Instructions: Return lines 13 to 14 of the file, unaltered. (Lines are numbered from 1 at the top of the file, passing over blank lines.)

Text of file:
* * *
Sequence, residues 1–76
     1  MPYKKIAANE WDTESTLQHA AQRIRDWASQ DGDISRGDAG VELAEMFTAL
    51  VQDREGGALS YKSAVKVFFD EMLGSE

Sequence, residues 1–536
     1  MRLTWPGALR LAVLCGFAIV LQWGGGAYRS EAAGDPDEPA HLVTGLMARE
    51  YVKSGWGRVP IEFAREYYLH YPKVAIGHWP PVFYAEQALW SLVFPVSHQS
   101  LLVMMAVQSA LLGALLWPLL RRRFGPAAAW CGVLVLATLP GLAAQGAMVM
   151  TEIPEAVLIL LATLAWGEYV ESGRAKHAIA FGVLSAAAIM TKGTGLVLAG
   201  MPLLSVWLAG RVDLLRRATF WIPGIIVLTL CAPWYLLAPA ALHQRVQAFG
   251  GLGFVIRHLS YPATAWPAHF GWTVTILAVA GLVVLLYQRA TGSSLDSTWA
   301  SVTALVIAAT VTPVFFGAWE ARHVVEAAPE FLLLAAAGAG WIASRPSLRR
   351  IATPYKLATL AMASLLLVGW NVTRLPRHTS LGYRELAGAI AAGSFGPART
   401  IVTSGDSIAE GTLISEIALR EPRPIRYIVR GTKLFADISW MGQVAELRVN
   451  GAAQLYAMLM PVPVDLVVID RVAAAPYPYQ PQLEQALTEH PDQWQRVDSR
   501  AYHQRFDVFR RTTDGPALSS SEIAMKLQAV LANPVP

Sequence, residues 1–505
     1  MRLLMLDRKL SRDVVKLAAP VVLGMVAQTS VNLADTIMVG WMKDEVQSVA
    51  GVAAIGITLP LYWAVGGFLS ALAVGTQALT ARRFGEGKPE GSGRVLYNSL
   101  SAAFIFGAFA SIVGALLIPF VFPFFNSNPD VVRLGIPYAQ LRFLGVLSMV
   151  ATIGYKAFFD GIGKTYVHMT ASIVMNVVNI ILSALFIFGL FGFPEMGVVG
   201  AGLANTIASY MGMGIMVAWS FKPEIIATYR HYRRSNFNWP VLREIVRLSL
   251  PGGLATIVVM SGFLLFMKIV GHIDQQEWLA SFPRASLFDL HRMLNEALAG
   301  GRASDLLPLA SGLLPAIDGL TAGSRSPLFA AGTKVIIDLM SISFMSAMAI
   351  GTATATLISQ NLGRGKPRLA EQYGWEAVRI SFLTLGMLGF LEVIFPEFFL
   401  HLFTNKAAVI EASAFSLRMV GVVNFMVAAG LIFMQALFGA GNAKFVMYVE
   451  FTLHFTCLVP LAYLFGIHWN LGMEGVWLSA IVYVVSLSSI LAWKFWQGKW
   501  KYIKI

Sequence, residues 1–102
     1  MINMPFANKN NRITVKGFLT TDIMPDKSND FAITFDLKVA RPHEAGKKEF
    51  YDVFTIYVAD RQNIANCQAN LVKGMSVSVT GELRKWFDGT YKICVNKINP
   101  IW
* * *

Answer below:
   401  IVTSGDSIAE GTLISEIALR EPRPIRYIVR GTKLFADISW MGQVAELRVN
   451  GAAQLYAMLM PVPVDLVVID RVAAAPYPYQ PQLEQALTEH PDQWQRVDSR